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Statement by the Deputy Prime Minister to the 107th Meeting of the Development Committee

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Statement by the Honourable Chrystia Freeland, Deputy Prime Minister and Minister of Finance of Canada, on behalf of Antigua and Barbuda, The Bahamas, Barbados, Belize, Canada, Dominica, Grenada, Guyana, Ireland, Jamaica, St. Kitts and Nevis, St. Lucia, and St. Vincent and the Grenadines

The most pressing threat to the global economy remains Russia’s illegal full-scale invasion of Ukraine. In addition to the direct and deplorable impacts on millions of Ukrainians, Russia’s actions are compounding economic challenges for the world’s most vulnerable, exacerbating longstanding issues of poverty, income inequality, and food insecurity.

This year’s Development Committee plenary occurs at a critical moment, both for global development and the rules-based international order that underpins the mandate of the World Bank. Russia’s illegal invasion of Ukraine threatens to reverse hard-won development gains, and the spillover effects of the invasion put at risk progress towards clean, resilient, and inclusive development.

Canada and our constituency partners are firmly committed to supporting the government and people of Ukraine in their fight against Russia’s illegal invasion. Since February 2022, Canada has provided over C$8 billion in direct financial, military, and humanitarian assistance to Ukraine, and imposed strict sanctions on Russia and Belarus. Ireland has contributed bilaterally, via EU support, and through extensive support to refugees.

On behalf of our constituency, we commend the World Bank’s swift and comprehensive response to support Ukraine, mobilizing over US$20 billion to help Ukraine continue to provide essential government services, maintain critical infrastructure, and meet humanitarian needs. Given the scale of Ukraine’s financing needs, we encourage the Bank to demonstrate further ambition to ensure Ukraine can defend its sovereignty and rebuild. The Bank must also play a lead role in mobilizing private capital for Ukraine’s reconstruction, including by mitigating risk and promoting investor confidence.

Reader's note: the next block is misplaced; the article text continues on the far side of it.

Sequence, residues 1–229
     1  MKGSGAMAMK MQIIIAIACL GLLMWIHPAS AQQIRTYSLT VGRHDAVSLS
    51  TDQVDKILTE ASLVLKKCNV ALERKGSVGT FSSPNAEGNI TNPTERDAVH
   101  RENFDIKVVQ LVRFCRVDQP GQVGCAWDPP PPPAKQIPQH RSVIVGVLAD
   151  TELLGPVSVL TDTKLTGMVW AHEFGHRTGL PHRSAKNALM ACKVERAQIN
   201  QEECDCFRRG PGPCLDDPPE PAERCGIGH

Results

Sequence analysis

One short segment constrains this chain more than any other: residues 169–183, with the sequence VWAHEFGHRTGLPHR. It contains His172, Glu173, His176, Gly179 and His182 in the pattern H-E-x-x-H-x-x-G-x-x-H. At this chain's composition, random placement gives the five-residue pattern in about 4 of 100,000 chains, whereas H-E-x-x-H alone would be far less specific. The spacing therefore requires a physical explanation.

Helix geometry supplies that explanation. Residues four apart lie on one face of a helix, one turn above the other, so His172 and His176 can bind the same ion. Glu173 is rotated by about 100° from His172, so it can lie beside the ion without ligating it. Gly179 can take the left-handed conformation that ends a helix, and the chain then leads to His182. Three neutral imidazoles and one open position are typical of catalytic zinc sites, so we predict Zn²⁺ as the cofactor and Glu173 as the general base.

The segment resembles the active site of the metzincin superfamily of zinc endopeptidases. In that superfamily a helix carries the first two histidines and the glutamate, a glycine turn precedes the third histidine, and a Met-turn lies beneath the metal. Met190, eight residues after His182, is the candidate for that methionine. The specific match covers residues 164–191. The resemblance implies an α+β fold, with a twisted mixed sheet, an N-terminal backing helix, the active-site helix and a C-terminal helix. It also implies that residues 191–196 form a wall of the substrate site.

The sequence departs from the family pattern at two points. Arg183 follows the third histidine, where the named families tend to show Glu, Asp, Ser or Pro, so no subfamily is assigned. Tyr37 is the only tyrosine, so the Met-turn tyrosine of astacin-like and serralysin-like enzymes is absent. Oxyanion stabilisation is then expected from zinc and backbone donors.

The effects of Russia’s illegal invasion continue to be felt throughout the world, leading to significant shocks to global food and energy systems, and contributing to heightened inflation, elevated debt vulnerabilities, and macroeconomic instability. A record 345 million people, mainly in low-income and vulnerable countries, now face acute food insecurity. We commend the World Bank’s work to respond to these crises with speed, scale, and impact, notably through the Global Crisis Response Framework that is mobilizing up to US$170 billion to support developing countries.

Climate change and biodiversity loss remain pressing threats to humanity and require urgent action. We recognize that the World Bank is now the largest provider of climate finance to developing countries, and we note its progress in aligning financing operations with the Paris Agreement. We encourage the Bank to continue making ambitious investments to support member countries transitioning to clean, resilient, and nature-positive development, and to enhancing and simplifying Small Island Developing States’ access to finance. We encourage the Bank to thoroughly assess the value of embedding Climate Resilient Debt Clauses in its lending agreements. Furthermore, we call on the Bank to align its funding with the Kunming-Montreal Global Biodiversity Framework and Fund in order to meet our collective goal to mobilize at least US$200 billion in annual international biodiversity funding by 2030.